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  #31  
Old 07-17-2012
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Re: nautical language rant

We don't have to go that far back even.

For this generation of kids growing up with digital watches and clocks...how do we tell them to wrap the sheet " clockwise" around the winch without first explaining what the hands of a clock are. Righty-tighty..might become a new nautical term...

Imagine if every doctor or dentist required you to know the proper terminology before they treated you. Doc..this tooth hurts....is no longer allowed.
instead, you must say Lateral Incisor or go to the back of the line...

If I insisted on proper terminology on my boat, I'd single-hand a lot more than I do already.

That said, it's great to be out with other sailors with whom I can simply say, Prepare for a port side tie-up, and everything gets done.

I'll actually settle for someone who trims the sails..when you fall off without being asked.
The biggest hurdle I find with novices and "some" sailors alike..is the lack of anticipation of what is coming next, that's another thread.
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  #32  
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Re: nautical language rant

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  #33  
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Re: nautical language rant

MedSailor..
Is pneumonomicroscopicsilicovolcanoconiosis not the longest medical term (it is a lung disease cause by inhalation of silica dust... so the only safe thing to do is go sailing, right?)
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  #34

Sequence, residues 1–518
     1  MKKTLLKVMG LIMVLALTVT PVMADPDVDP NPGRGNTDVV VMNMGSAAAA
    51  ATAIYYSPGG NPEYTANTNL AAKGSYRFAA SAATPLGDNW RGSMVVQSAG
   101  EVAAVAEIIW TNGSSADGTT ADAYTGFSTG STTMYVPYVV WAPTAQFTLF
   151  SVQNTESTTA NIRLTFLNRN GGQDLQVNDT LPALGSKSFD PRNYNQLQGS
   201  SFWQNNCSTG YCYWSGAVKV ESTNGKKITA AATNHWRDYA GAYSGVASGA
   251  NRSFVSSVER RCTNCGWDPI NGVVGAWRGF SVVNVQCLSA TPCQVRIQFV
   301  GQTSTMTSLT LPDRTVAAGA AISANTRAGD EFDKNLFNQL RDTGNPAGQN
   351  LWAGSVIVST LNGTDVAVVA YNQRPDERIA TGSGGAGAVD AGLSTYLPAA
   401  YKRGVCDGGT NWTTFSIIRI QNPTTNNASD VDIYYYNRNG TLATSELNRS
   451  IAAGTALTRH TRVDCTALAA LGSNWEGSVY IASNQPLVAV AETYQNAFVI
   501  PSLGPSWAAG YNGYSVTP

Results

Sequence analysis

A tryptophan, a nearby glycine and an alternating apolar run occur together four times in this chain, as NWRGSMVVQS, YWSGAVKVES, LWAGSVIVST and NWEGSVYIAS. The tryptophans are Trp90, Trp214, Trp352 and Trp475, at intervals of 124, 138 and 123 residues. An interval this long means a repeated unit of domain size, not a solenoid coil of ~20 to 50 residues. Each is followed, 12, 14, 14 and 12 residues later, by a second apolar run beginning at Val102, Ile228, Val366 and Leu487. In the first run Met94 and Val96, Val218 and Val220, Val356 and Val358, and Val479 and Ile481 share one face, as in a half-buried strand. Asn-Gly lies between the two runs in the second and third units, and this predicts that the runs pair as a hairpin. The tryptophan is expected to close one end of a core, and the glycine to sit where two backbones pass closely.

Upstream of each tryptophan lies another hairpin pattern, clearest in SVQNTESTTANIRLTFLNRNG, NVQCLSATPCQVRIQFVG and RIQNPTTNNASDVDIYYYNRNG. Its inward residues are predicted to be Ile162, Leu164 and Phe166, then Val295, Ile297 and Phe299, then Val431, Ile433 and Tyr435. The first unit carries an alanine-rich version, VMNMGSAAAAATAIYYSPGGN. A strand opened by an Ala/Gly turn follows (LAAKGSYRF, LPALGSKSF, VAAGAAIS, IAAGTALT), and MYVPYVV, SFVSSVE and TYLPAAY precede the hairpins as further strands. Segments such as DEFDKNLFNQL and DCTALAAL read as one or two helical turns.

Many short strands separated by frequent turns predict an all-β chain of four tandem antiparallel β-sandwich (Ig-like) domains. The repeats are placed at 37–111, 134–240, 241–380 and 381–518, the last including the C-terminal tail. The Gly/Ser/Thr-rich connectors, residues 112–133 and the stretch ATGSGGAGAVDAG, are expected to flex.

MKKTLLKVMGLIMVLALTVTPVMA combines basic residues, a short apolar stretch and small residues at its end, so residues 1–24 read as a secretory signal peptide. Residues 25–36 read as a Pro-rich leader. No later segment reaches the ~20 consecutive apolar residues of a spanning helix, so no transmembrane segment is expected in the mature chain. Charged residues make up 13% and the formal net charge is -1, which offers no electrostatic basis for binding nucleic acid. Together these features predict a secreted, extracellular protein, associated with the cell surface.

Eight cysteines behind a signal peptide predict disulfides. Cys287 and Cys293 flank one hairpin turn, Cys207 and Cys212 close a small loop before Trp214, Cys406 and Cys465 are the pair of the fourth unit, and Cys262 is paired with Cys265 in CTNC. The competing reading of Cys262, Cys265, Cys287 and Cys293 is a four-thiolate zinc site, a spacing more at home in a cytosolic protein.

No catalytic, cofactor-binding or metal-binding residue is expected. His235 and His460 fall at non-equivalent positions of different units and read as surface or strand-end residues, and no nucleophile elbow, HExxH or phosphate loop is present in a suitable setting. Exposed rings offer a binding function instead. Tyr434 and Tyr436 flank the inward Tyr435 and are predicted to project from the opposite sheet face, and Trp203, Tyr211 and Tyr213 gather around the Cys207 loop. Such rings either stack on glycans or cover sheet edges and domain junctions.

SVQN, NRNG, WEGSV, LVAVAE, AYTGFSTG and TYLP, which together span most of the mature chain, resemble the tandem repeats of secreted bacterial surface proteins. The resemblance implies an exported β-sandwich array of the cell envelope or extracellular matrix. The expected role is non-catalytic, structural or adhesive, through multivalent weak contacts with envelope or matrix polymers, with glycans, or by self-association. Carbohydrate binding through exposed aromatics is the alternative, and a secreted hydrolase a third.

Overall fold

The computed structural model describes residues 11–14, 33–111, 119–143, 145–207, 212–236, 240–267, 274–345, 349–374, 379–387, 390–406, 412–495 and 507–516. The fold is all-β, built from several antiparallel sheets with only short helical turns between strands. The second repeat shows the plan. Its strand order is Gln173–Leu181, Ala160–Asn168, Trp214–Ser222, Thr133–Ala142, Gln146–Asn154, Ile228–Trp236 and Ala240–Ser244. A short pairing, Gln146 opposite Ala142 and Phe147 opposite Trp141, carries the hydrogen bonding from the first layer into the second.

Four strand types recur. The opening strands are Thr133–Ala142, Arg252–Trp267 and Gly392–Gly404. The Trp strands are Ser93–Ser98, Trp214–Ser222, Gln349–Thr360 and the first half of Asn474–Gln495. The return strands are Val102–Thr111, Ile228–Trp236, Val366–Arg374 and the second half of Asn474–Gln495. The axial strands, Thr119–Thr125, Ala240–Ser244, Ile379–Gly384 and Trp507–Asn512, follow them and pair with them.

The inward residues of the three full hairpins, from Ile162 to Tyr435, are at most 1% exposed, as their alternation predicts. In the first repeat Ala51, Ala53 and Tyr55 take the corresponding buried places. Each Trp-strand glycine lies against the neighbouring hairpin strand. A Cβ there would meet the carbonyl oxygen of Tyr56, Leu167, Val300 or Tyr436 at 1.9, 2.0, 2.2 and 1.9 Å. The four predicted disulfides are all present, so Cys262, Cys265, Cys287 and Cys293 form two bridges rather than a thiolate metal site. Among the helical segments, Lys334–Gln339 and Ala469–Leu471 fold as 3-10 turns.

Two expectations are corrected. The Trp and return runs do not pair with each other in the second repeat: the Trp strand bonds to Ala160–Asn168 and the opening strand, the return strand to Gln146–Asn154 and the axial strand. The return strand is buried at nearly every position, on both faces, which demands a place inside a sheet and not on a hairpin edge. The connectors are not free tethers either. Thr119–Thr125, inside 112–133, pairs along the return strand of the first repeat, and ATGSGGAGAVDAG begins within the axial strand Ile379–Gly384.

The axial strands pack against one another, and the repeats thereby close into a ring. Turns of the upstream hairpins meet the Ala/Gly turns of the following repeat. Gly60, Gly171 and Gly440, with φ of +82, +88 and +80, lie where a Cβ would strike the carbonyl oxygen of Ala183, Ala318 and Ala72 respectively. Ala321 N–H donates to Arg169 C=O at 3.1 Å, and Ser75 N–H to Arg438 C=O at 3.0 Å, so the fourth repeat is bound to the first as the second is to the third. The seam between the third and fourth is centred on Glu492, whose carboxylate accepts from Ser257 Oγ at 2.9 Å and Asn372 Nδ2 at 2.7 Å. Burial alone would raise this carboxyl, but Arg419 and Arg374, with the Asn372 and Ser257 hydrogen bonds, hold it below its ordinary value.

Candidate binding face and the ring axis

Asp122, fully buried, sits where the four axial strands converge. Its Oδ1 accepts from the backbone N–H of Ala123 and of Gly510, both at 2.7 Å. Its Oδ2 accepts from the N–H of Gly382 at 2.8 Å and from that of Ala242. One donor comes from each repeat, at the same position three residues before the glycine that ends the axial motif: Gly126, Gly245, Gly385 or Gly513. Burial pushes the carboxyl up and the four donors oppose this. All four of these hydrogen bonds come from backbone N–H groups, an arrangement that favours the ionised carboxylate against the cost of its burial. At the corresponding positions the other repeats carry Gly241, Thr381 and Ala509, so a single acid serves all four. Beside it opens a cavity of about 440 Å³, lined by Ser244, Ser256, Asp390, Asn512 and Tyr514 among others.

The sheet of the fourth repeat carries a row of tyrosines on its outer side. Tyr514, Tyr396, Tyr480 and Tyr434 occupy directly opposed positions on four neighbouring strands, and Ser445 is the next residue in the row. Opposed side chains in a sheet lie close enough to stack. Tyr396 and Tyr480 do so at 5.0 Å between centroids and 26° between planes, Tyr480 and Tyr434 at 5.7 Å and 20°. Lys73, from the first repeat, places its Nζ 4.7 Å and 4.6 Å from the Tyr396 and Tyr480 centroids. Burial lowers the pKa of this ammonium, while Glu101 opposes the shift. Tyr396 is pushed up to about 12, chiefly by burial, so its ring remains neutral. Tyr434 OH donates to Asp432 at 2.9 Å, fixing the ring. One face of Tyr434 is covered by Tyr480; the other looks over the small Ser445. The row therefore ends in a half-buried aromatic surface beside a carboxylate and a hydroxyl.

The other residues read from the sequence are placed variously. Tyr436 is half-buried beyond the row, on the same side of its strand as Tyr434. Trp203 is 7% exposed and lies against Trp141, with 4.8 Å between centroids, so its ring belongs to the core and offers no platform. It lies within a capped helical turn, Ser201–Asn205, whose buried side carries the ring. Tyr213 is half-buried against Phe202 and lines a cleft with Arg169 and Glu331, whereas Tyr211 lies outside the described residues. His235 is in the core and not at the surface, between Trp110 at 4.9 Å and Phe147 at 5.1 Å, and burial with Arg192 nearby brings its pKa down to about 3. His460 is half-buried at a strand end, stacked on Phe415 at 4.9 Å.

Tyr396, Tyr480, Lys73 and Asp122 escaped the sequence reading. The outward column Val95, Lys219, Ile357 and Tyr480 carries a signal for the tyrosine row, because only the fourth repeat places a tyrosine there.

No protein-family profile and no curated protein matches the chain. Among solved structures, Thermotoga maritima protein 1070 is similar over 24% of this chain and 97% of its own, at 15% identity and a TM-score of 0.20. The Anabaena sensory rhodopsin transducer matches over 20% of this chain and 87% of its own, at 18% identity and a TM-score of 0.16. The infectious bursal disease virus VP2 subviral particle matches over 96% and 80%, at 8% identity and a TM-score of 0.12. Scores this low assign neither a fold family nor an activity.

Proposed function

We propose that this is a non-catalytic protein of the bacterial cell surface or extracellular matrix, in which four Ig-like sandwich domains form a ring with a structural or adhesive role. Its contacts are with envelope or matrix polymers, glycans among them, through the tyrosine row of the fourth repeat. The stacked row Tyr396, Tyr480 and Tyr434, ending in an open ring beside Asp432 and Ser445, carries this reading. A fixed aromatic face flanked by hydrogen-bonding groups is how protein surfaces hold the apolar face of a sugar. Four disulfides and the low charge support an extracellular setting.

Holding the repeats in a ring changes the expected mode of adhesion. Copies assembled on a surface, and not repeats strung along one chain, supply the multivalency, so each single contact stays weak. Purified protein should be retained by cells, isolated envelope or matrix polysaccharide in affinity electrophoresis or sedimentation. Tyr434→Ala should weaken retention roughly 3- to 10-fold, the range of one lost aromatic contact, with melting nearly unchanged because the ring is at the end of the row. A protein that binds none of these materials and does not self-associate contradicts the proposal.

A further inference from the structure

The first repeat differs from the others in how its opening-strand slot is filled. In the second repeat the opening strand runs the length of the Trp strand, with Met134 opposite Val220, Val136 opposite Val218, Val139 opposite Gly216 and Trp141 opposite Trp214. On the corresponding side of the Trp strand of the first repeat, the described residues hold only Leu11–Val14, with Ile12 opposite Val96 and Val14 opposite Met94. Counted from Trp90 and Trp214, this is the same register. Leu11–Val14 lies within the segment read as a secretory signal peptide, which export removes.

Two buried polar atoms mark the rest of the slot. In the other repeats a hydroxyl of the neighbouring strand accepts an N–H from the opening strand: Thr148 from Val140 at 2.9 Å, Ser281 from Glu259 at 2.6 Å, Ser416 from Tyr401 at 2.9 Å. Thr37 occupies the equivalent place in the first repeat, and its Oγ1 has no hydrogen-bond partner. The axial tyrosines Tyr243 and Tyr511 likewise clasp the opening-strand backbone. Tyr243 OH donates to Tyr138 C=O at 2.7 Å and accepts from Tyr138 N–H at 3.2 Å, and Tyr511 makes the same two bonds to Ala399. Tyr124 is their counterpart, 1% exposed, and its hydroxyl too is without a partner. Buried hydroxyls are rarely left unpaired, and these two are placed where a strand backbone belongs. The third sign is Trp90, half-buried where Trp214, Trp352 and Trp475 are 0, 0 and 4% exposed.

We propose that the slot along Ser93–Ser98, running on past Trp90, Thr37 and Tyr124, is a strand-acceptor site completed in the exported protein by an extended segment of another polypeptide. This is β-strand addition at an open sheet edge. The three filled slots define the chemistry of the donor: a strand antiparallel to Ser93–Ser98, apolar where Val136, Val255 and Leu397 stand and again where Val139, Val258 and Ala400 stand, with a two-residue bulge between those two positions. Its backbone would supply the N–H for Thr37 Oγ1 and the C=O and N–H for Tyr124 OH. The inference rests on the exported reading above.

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Re: nautical language rant

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Originally Posted by Tempest View Post
Imagine if every doctor or dentist required you to know the proper terminology before they treated you. Doc..this tooth hurts....is no longer allowed.
instead, you must say Lateral Incisor or go to the back of the line...
Instead of imagining a dental patient, imagine a dental assistant who doesn't know the terminology. I make a distinction between "crew" and "guests." Most of my crew start out knowing next to nothing, but we use proper terminology and they simply have to learn. Guests are not subjected to this so much. Once the crew learn the proper terminology, they can use it on any boat - they don't have to learn a new "language" for each skipper they sail with. In my case, I can say "prepare for a portside-to" and the crew know what to do.
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Re: nautical language rant

I started sailing this summer and the owner goes out Tuesdays with rookies, Wednesdays with experienced sailors. The rookies get, "trim the jib sheet - pull the blue line" for a while, then it's just trim the jib. It seemed like after everybody rotated through various jobs we know most of the basic terms. Using the right term does make it clear what you are doing and helps explain why a little (trim a sail rather than just pulling on a colored rope)